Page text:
I’m going to take a few different approaches today. The first approach is to see if we can predict a player’s impacts on his teammates’ three-point shooting based on other advanced statistics. For example, if we know an individual’s Player Efficiency Rating, can we estimate what kind of impact he’s having on his teammates? I ran a series of simple linear regressions between 12 different advanced stats and the impacts on three-point shooting. The results are displayed below:


The correlations can be interpreted as follows: if Player A scores one more point per 40 minutes than Player B, then Player A increases his teammates’ three-point attempt percentage (how often they shoot threes) by 0.16% more than Player B. Because increases in three-point attempts and three-point percentage generally are good things, it makes sense that most of the correlations in the table are positive. Players that perform better in these advanced statistics have a more positive impact on their teammates, with the exception of Rebounding Rate. For the statistically inclined, all of these are significant at the .01 level, with the exception of Rebounding Rate.

So far, so good. The numbers seem to agree with common sense: better players help their teammates more. But how much can these statistics really tell us? In other words, if we only know Chris Paul’s Assist Rate, can we predict how much influence he has on his teammates’ three-point shooting? To answer these questions, I turned to the R-squared values ( of each correlation. R-squared values range from 0-1, and they essentially tell us how much of an outcome (in this case, impact on three-point shooting) is explained by an independent variable (in this case, PER or Assist Rate or any of the other stats). The results are in the table below:


With the exception of Minutes Per Game (which may just be a reflection of overall ability), the R-squared values are all very low. In a hypothetical and easier world, they’d all be higher. Unfortunately this is the real world, and basketball is much too complicated for us to be able to predict complex player interactions based on a simple stat or two.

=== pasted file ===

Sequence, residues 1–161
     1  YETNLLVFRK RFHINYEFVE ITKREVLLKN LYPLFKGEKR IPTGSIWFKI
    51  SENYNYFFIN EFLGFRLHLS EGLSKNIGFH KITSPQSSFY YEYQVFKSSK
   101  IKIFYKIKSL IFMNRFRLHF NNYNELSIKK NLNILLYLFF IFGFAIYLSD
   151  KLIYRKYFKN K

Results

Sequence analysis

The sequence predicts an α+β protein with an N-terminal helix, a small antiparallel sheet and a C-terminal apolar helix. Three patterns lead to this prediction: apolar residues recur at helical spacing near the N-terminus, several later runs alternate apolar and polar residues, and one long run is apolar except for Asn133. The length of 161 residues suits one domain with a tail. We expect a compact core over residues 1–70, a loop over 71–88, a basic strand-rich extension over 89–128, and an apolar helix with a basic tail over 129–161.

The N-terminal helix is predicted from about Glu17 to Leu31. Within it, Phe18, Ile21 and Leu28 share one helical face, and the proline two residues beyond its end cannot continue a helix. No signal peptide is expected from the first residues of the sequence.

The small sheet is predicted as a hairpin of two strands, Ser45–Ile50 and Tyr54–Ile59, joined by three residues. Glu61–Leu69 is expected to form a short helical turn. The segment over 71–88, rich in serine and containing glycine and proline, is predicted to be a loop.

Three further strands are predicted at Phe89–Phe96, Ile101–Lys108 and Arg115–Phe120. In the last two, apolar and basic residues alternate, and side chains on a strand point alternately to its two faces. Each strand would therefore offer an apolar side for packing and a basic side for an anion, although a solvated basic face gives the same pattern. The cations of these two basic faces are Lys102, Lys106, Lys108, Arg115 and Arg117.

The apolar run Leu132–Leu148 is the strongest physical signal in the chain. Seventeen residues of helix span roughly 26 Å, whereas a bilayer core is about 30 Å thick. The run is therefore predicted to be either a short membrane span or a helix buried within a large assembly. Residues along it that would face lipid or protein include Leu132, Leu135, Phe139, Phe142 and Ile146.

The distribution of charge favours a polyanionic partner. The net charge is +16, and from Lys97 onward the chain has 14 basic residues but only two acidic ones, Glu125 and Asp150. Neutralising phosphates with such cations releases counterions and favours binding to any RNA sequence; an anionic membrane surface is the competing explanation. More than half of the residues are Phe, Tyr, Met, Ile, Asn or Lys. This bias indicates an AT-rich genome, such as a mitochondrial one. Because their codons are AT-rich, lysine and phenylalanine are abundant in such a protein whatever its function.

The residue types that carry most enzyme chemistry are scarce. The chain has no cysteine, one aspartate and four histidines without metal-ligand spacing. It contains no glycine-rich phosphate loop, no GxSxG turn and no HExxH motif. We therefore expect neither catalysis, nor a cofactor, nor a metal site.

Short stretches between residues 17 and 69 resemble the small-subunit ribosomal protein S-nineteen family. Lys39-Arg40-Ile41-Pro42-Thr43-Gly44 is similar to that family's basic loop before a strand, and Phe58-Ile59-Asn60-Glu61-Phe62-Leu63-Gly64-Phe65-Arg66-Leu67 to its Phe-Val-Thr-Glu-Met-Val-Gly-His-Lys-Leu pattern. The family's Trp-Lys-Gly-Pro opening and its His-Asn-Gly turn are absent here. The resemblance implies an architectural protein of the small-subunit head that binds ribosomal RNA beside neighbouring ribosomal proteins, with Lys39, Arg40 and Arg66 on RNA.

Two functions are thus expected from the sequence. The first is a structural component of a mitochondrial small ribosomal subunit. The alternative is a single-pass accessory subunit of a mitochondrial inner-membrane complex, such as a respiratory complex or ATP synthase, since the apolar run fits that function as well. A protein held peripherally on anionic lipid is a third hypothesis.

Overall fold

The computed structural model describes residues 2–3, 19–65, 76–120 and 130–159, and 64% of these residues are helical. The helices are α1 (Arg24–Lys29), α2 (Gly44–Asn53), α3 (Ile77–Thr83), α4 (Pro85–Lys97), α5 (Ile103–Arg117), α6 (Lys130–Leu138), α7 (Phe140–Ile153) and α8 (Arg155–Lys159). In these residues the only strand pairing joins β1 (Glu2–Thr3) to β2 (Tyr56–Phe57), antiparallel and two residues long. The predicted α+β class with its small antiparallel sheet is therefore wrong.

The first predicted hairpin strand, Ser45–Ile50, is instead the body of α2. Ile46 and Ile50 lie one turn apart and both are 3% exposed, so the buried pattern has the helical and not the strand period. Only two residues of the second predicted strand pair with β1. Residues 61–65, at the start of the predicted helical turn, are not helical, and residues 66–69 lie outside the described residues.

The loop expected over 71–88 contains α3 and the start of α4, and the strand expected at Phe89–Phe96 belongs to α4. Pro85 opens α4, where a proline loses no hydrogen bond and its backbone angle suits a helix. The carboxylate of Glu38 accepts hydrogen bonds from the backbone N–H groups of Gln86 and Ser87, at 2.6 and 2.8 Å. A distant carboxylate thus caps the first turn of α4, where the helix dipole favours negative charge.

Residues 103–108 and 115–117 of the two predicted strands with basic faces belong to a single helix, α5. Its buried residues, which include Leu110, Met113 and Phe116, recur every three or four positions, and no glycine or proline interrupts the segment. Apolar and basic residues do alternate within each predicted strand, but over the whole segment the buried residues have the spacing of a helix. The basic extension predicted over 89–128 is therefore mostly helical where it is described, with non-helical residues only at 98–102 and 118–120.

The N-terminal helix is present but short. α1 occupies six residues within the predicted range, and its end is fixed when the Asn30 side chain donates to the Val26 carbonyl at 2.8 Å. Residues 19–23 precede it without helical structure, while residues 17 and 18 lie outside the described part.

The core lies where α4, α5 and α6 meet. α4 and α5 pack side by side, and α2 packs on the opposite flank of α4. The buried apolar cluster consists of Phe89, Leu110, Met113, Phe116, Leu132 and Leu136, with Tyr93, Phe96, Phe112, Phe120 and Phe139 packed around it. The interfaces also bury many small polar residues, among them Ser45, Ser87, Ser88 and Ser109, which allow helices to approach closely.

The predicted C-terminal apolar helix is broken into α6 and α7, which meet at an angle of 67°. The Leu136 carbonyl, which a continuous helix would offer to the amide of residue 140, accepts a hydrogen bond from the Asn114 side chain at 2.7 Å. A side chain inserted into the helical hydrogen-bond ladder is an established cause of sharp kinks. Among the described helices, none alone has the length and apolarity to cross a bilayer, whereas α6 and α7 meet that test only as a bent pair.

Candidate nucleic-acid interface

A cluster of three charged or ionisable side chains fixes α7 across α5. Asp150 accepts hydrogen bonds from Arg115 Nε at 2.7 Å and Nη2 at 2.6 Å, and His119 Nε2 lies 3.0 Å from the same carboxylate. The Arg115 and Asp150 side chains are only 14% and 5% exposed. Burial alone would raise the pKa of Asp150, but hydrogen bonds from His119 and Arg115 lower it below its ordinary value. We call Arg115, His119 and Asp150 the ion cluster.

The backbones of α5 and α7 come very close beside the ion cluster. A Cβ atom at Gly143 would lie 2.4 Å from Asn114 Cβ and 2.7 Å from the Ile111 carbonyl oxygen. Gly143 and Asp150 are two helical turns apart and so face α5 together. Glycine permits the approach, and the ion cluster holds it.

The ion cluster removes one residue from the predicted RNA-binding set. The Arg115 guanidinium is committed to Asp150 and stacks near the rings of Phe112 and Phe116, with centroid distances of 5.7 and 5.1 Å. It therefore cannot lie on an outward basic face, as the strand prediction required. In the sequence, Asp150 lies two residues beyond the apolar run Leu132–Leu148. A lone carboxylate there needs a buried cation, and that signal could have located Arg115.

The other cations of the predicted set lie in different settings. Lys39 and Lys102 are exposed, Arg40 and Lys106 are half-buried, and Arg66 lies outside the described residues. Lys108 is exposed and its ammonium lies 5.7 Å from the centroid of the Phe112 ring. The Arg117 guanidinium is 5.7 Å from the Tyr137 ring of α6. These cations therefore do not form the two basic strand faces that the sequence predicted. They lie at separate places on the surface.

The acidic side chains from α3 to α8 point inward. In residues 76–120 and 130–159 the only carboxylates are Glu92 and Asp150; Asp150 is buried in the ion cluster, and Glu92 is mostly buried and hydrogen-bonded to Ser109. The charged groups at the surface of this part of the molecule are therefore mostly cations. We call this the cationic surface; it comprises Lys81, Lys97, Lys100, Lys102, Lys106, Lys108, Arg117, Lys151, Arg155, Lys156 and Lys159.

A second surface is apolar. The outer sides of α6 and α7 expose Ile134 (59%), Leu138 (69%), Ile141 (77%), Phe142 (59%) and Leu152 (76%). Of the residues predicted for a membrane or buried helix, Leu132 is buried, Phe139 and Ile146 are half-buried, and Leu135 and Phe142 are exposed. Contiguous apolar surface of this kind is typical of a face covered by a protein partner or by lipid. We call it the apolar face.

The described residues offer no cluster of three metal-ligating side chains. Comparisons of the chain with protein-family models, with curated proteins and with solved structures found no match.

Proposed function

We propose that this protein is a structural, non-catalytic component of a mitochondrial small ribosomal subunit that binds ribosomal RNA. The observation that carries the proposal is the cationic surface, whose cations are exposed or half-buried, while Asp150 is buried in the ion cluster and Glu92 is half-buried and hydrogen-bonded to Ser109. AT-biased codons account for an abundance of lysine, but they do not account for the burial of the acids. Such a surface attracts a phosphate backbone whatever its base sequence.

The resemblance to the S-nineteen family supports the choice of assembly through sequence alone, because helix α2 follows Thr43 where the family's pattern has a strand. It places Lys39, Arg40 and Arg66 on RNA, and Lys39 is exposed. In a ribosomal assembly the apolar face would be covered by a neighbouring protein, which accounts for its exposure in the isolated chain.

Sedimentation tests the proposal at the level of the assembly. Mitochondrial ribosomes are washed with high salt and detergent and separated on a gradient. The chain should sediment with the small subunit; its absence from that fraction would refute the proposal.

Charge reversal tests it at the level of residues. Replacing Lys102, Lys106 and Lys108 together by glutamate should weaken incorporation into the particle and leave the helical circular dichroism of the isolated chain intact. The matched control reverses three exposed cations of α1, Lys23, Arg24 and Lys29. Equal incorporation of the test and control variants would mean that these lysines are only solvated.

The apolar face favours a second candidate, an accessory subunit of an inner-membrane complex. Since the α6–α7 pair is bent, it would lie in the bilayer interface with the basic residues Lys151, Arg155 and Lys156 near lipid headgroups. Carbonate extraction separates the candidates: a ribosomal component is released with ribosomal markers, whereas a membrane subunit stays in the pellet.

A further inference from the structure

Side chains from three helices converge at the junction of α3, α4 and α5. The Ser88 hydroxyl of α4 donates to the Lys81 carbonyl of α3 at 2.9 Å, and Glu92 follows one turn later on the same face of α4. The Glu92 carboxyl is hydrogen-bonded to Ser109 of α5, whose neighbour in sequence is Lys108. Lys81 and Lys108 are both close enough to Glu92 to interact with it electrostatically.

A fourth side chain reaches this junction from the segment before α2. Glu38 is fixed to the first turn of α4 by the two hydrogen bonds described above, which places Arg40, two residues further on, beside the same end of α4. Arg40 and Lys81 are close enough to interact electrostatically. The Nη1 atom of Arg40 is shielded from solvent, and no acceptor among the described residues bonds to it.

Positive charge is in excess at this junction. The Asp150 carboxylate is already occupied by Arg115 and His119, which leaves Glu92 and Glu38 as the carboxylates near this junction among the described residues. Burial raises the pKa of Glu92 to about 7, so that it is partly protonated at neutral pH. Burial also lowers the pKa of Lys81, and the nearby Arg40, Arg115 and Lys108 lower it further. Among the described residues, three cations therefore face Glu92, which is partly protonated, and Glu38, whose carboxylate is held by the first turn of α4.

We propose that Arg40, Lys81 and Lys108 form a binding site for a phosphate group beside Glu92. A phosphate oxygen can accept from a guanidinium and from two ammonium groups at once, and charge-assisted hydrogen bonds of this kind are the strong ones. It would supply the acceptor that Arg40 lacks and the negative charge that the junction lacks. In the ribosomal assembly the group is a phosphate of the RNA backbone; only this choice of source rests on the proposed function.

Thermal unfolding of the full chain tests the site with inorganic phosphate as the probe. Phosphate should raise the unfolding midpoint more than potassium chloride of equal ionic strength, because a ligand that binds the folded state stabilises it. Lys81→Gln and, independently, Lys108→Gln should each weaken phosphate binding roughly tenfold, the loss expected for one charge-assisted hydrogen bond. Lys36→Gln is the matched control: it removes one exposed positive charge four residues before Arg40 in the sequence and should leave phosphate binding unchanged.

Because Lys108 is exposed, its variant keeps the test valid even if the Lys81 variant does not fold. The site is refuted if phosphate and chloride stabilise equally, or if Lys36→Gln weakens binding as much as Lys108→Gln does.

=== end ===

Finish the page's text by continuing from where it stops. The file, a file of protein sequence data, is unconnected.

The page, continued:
Before I go any further, let’s recap what we know so far. There is a significant correlation between most advanced statistics and interaction effects on three-point shooting, so we know that these things aren’t random. But these stats explain only a very tiny part of the story, so we know that interactions are very complex.

The next step I took was to attempt to develop a model that would predict a player’s impacts on three-point shooting using a combination of the different statistics. After playing with the numbers, I was able to achieve an R-squared value of 0.26 for Impact 3PA and 0.36 for Impact 3PCT. These numbers were boosted to 0.45 and 0.51, respectively, if we took the other impact number into account (using Impact 3PCT in the Impact 3PA regression and vice versa). But this defeats the purpose of the study, so we’ll ignore those most recent numbers.

What does this next step tell us? Within the limits of linear regression, we can only explain about 26% or 36% of a player’s impact on his teammates’ three-point shooting using various available advanced stats. In the real world, those numbers aren’t horrific, but they’re far from being the keys we need to truly figure out the game of basketball.

Finally, let’s switch gears and examine how consistent these interaction effects are from one year to the next. After all, if they are totally random, there should be no correlation. Using the numbers from 07-08 and 08-09, I ran regressions for Impact 3PA and Impact 3PCT. Both regressions resulted in statistically significant, positive correlations. That’s good. But the R-squared values for the regressions were .05 and .1, respectively, which is not so good. In other words, knowing how a player affected his teammates’ three-point shooting last year will only tell you a little bit about how he’s going to do this year.

Another interesting thing to look at is the impacts for players that switched teams. If players have similar impacts no matter what team they’re on, we may be on to something. When we limit the sample to these players, we again get statistically significant but not particularly informative results. Both regressions are significant at the .02 level but produce R-squared values under .1.

No matter which way you slice it, you get the same idea: good players make the players around them shoot threes more often and more efficiently, but that’s all we can say for sure. We can quantify what’s already happened, but we can’t predict the future.

If you’re still reading now, you’re undoubtedly more interested in this stuff than the average fan, and you may have some suggestions for me. If so, send me an e-mail at [email protected].